Baboon sounds may hold key to origins of human speech

Claudine Zap

They may not sound familiar, but the gurgling and lip-smacking noises made by gelada baboons could shed light on the origins of human speech, researchers say.

Thore Bergman, assistant professor at the University of Michigan and head author of a study that looked at the primates, told Yahoo News in an email that geladas made perfect subjects. He wrote, “I knew that geladas had several features that made them interesting research subjects—including large, complex social groups and a diverse repertoire of sounds.”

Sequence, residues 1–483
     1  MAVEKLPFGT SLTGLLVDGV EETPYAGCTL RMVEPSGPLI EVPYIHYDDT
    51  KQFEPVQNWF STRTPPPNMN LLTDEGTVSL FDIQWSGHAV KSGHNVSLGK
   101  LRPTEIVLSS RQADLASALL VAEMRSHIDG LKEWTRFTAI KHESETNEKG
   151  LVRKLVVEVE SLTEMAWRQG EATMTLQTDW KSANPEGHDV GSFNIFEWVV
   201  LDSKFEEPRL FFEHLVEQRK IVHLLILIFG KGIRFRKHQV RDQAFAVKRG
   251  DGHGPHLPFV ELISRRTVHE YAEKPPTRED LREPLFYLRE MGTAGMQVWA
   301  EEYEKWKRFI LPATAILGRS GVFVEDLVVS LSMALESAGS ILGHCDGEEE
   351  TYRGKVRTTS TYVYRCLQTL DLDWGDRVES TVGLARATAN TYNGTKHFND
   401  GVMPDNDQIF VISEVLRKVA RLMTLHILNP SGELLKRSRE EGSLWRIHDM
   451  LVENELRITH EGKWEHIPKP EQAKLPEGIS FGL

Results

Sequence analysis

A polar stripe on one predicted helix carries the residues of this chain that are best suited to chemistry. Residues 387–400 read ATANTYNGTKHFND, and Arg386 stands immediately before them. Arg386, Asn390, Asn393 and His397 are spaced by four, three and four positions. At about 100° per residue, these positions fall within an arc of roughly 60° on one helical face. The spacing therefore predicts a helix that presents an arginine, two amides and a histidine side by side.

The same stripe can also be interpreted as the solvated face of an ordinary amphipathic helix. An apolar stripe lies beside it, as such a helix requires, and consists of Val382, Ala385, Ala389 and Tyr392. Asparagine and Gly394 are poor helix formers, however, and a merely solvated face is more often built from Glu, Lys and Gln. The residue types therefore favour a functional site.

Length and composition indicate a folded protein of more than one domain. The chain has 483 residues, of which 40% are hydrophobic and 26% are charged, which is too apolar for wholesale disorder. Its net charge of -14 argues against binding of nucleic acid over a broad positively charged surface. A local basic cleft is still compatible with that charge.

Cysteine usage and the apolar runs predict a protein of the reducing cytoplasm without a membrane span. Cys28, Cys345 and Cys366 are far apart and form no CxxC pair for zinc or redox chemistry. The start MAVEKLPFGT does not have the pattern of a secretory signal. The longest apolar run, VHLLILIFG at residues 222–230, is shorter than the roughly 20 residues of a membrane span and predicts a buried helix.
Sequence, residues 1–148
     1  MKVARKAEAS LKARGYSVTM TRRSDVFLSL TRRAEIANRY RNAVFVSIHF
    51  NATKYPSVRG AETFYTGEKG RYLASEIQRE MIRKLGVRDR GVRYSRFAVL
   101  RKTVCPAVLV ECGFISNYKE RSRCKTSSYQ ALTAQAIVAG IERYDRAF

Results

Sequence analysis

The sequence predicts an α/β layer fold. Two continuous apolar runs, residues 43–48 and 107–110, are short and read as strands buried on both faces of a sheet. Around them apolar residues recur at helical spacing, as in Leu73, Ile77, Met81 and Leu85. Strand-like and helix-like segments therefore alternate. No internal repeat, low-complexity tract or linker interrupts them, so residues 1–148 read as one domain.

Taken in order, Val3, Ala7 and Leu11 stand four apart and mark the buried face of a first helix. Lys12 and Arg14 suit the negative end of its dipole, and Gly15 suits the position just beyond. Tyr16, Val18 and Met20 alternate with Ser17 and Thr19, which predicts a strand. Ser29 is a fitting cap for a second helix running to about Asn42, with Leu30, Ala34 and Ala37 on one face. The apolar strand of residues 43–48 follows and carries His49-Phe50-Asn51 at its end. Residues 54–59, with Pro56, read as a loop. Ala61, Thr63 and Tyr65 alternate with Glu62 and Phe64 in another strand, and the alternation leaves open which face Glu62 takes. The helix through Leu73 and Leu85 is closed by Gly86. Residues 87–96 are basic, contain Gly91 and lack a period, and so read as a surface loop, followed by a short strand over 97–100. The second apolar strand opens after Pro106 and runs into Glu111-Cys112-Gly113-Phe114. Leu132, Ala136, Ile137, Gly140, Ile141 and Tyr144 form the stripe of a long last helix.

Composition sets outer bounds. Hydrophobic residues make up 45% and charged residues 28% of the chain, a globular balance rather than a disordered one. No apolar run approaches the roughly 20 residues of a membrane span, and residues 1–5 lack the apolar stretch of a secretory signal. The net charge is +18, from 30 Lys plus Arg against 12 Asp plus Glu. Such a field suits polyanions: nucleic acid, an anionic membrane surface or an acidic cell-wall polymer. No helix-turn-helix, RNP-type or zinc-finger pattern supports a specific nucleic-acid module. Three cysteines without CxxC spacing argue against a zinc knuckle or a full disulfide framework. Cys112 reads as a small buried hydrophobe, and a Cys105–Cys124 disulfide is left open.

In fact, only gelada baboons, found in Ethiopia, have been found to make these specific kinds of vocalizations.

Researchers tracked dozens of these baboons in Ethiopia’s Simien Mountains National Park, where they recorded their voices on Palm Pilots.

The findings, published in Current Biology and surfaced by BBC News, assert that the vocalizations share similarities with human ancestors’ early speech.

“The finding supports the hypothesis that others had previously proposed—that lip-smacking may be a potential precursor to speech because it shows that primates can indeed vocalize while lip-smacking to produce complex sounds," Bergman told Yahoo News.

Bergman further explained to the BBC that the next step is to study the purpose of the sounds, which he believes the gelada use to bond with each other—sort of baboon-style small talk.